Blog Archives

Scots Whay Hae Reviews The Waves Burn Bright

It’s been a tough week for a number of reasons, some personal, some geopolitical, but some positivity was restored when this review of The Waves Burn Bright by Alistair Braidwood was posted on the Scots Whay Hae website. It previously appeared in print

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The Company and The Shogun Review

It has been a horrible week but I’m going to avoid going on about the referendum, I’m too upset and too angry and it’s probably best for all concerned if I keep that to myself for the moment. In the meantime

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Lian Hearn, Autumn Princess, Dragon Child Review

  My latest piece for the Japan Times is live now, a review of the second part in Lian Hearn’s The Tale of Shikanoko, Autumn Princess, Dragon Child. If you like your historical fiction shot through with fantasy, then this is a

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Scots Whay Hae! Podcast and The Herald Review

I thought the news was over for this week but no, on Friday morning the latest episode of the brilliant Scots Whay Hae! podcast popped into my itunes featuring my podcast debut. Recorded in a pub in Glasgow, it is an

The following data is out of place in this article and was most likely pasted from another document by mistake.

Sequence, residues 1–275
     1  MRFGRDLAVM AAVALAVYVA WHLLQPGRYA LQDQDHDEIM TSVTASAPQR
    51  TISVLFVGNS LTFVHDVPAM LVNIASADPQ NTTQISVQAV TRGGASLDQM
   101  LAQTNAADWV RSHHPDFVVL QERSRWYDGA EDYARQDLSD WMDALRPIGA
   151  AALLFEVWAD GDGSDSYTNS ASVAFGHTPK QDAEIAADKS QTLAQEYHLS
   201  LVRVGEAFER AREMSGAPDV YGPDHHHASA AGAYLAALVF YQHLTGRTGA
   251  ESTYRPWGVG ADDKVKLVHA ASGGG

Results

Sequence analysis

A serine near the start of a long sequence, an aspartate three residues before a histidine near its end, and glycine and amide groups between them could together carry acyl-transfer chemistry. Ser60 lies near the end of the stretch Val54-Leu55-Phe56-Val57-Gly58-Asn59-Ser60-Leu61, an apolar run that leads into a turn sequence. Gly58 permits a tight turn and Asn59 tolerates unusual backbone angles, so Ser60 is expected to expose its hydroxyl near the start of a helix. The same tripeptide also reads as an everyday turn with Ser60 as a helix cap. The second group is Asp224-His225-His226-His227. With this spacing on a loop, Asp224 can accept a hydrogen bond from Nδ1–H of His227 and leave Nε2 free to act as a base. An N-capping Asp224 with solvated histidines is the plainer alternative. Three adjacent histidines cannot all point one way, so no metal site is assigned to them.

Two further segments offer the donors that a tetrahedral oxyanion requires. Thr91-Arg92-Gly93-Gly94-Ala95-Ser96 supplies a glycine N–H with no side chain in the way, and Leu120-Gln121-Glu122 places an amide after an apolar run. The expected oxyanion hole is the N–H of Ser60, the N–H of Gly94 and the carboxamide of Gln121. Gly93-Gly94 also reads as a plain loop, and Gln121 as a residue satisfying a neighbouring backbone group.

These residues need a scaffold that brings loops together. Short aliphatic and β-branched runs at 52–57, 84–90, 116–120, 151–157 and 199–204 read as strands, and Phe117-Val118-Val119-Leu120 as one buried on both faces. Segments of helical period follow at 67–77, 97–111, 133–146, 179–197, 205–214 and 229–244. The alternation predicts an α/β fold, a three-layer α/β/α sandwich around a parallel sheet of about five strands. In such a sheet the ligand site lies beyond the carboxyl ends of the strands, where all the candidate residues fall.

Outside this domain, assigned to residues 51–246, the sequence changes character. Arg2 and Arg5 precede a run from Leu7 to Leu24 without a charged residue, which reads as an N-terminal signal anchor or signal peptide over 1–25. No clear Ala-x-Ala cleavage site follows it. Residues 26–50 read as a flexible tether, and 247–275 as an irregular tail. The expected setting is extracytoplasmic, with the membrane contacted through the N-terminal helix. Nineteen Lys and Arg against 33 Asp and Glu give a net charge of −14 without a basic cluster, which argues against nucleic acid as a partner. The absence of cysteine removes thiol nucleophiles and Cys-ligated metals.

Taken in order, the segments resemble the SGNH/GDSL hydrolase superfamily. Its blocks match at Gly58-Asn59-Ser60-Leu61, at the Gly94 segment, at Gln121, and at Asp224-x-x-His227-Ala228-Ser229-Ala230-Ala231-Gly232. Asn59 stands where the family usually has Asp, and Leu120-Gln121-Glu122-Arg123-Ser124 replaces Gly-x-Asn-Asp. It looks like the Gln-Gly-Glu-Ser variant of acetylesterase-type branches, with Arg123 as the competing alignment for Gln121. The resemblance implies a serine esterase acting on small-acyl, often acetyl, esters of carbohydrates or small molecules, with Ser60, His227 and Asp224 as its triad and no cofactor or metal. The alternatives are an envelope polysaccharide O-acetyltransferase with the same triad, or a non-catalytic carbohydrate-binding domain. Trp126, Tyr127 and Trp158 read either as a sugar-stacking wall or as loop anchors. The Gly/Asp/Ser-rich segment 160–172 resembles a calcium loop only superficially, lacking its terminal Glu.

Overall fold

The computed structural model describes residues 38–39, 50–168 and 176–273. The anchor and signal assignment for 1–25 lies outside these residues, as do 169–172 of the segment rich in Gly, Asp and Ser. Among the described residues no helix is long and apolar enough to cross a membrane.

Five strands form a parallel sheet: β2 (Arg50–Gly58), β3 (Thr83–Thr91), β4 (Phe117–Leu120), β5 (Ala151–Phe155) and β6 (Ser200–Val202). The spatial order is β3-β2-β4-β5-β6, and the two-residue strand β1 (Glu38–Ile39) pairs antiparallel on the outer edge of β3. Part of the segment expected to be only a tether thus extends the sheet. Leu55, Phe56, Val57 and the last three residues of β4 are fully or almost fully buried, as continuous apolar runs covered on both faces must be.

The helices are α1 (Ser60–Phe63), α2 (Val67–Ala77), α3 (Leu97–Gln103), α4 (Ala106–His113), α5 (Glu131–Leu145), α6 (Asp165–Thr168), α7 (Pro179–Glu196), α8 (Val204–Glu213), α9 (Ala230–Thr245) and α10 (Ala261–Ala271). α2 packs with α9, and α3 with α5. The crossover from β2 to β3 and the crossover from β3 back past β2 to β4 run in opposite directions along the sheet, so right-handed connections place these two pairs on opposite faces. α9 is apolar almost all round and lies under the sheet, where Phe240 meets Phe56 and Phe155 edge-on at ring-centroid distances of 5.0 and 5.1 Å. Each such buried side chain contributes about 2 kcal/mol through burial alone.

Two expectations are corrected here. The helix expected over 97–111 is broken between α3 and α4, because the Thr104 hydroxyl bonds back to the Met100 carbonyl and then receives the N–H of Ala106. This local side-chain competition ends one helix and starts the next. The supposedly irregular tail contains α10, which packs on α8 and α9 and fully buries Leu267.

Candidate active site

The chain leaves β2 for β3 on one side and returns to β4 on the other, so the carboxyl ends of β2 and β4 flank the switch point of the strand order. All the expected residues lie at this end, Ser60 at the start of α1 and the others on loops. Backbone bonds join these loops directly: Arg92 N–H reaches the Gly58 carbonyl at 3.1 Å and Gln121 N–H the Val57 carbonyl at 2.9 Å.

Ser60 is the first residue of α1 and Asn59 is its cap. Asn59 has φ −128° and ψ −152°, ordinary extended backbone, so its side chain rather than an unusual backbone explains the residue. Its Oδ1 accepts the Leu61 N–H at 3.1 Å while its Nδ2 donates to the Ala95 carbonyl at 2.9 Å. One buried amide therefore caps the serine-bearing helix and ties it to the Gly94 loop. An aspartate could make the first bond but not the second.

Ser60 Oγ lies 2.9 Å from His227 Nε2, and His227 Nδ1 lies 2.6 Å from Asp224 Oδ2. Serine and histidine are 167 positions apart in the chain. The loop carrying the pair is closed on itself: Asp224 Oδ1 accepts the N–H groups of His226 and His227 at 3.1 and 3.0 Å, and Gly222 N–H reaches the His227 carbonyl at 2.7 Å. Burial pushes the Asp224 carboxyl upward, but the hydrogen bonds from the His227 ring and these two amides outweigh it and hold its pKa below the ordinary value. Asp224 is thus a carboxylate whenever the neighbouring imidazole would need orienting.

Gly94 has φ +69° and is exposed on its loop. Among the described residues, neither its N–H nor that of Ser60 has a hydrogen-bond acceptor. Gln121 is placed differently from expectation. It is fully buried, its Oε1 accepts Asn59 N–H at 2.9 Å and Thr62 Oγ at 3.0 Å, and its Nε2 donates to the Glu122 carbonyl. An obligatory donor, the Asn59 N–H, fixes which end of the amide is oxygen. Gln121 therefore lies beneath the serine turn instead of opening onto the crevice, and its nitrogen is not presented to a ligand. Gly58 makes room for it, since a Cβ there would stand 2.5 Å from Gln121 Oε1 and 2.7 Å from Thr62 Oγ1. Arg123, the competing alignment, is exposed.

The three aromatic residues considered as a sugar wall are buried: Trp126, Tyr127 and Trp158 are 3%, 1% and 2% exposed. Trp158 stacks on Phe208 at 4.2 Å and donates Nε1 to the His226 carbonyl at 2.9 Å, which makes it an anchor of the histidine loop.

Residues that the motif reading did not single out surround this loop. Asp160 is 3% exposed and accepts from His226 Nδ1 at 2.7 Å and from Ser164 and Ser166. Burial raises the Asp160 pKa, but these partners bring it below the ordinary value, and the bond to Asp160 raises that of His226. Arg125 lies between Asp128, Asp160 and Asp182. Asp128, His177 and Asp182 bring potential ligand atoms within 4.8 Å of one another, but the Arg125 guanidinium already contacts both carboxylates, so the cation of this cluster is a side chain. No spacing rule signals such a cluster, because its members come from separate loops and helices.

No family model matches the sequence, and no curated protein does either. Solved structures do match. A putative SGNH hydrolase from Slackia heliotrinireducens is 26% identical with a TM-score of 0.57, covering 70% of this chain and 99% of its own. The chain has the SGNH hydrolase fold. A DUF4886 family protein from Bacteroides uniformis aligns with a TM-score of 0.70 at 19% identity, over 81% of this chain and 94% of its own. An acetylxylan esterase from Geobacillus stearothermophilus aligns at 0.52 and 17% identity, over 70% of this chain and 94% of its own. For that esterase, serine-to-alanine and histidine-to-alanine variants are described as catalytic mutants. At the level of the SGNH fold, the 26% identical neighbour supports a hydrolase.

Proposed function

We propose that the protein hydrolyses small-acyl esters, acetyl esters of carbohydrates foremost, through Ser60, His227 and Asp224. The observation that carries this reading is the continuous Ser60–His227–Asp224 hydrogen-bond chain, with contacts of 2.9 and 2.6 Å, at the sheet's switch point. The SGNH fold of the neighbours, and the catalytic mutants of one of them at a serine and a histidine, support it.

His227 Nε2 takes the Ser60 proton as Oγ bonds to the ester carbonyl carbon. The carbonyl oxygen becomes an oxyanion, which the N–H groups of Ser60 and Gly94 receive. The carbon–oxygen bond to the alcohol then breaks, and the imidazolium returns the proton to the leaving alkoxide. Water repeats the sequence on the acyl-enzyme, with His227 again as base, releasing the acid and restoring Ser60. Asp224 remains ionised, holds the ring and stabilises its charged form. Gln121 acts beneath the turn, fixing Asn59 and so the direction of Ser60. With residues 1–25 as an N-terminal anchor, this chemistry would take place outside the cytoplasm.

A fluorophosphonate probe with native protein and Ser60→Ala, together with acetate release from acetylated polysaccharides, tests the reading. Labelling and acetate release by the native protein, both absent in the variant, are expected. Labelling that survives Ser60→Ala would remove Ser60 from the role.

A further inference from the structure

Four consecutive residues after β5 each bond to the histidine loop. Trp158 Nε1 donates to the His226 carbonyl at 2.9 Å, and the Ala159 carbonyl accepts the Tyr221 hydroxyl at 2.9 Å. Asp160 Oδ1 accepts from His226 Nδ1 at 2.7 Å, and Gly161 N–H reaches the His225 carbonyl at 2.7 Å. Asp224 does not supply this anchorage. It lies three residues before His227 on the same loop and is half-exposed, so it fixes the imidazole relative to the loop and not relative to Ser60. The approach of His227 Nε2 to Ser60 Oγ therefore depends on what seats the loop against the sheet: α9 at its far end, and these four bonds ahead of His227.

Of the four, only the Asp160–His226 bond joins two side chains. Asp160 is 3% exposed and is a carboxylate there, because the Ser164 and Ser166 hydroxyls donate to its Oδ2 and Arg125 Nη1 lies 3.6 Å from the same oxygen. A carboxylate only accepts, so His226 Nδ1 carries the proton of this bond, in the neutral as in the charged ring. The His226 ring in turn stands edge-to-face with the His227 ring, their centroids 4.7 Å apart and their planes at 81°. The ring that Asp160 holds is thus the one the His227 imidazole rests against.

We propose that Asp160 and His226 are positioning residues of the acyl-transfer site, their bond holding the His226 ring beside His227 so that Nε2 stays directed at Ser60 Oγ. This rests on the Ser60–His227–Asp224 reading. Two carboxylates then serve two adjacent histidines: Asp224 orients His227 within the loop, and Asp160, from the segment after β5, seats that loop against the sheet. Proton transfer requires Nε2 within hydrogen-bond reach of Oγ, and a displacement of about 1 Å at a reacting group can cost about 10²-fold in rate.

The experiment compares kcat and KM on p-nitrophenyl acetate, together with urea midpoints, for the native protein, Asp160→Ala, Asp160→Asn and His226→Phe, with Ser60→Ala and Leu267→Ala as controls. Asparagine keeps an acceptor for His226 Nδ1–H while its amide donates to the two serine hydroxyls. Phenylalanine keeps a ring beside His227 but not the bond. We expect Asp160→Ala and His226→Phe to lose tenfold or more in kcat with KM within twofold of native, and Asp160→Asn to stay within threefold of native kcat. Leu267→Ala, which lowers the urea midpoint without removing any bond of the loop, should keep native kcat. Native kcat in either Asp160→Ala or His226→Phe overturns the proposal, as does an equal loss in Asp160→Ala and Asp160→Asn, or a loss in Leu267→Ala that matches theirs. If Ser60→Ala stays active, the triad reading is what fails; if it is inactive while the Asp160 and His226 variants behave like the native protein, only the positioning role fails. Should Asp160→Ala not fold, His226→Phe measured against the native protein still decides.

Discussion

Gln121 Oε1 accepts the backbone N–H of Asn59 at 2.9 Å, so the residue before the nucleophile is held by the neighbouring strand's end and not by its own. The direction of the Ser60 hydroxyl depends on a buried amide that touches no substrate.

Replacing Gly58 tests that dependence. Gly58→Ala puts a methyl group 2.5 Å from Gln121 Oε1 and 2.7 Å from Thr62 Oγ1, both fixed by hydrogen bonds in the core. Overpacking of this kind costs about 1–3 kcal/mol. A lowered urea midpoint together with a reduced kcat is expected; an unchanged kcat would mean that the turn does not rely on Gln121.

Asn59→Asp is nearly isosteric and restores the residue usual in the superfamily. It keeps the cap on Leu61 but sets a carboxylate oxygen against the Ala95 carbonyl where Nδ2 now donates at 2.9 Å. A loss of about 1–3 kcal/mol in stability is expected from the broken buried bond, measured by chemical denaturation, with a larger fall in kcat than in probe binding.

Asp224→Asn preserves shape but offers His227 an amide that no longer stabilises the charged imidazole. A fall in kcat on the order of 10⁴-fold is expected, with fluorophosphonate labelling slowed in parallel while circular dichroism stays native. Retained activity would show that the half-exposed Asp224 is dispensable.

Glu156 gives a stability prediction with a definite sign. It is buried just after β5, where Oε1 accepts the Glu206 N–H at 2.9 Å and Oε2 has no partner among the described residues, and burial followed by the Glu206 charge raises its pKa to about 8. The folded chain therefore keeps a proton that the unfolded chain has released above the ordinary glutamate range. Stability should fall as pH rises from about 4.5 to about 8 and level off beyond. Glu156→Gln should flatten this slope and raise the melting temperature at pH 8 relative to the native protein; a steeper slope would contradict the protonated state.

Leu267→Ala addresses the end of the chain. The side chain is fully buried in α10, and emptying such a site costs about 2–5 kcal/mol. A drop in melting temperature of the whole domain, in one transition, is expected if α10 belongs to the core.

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Sunday Herald Essay, a Glowing Review and a New Poem

Well, I’m back in Japan and bed-bound with a fever, no doubt worn out by all the travelling, reading, chatting and, dare I say it, drinking over in Scotland. While I’m lying here wishing for a swift and painless death

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The Waves Burn Bright Review: The Scotsman

The first review of The Waves Burn Bright is out and I’m delighted to say it’s a good one. The Scotsman said: “The night of the disaster is sensitively and evocatively handled.” and “Digging through a hard exterior to explore the layers

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Undiscovered Scotland Review

Another review of Silma Hill has been published, this time at Undiscovered Scotland. They describe the story as ‘in many respects timeless’ while it ‘leaves the reader asking questions about the nature of society and the role of religion and

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